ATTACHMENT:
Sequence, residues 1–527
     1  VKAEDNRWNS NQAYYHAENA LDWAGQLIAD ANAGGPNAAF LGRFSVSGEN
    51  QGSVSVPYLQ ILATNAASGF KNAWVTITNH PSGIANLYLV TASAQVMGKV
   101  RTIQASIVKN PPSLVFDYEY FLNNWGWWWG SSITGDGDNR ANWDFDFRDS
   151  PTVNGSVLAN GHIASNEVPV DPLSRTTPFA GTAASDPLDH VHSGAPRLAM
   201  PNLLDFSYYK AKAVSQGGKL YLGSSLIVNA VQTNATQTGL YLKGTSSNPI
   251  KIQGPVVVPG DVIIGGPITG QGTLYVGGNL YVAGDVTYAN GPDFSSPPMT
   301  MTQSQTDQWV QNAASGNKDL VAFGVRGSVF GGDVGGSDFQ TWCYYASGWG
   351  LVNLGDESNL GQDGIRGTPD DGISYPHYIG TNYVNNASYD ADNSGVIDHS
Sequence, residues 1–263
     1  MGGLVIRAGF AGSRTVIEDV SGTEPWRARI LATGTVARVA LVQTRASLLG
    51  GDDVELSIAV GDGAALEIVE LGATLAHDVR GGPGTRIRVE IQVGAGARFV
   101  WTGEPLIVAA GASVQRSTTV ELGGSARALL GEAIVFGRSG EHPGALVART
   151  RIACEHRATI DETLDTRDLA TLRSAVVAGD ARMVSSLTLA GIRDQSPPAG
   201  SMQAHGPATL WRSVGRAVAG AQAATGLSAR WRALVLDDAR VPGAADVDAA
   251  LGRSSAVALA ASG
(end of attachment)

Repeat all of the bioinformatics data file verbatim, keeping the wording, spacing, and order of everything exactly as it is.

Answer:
Sequence, residues 1–527
     1  VKAEDNRWNS NQAYYHAENA LDWAGQLIAD ANAGGPNAAF LGRFSVSGEN
    51  QGSVSVPYLQ ILATNAASGF KNAWVTITNH PSGIANLYLV TASAQVMGKV
   101  RTIQASIVKN PPSLVFDYEY FLNNWGWWWG SSITGDGDNR ANWDFDFRDS
   151  PTVNGSVLAN GHIASNEVPV DPLSRTTPFA GTAASDPLDH VHSGAPRLAM
   201  PNLLDFSYYK AKAVSQGGKL YLGSSLIVNA VQTNATQTGL YLKGTSSNPI
   251  KIQGPVVVPG DVIIGGPITG QGTLYVGGNL YVAGDVTYAN GPDFSSPPMT
   301  MTQSQTDQWV QNAASGNKDL VAFGVRGSVF GGDVGGSDFQ TWCYYASGWG
   351  LVNLGDESNL GQDGIRGTPD DGISYPHYIG TNYVNNASYD ADNSGVIDHS
Sequence, residues 1–263
     1  MGGLVIRAGF AGSRTVIEDV SGTEPWRARI LATGTVARVA LVQTRASLLG
    51  GDDVELSIAV GDGAALEIVE LGATLAHDVR GGPGTRIRVE IQVGAGARFV
   101  WTGEPLIVAA GASVQRSTTV ELGGSARALL GEAIVFGRSG EHPGALVART
   151  RIACEHRATI DETLDTRDLA TLRSAVVAGD ARMVSSLTLA GIRDQSPPAG
   201  SMQAHGPATL WRSVGRAVAG AQAATGLSAR WRALVLDDAR VPGAADVDAA
   251  LGRSSAVALA ASG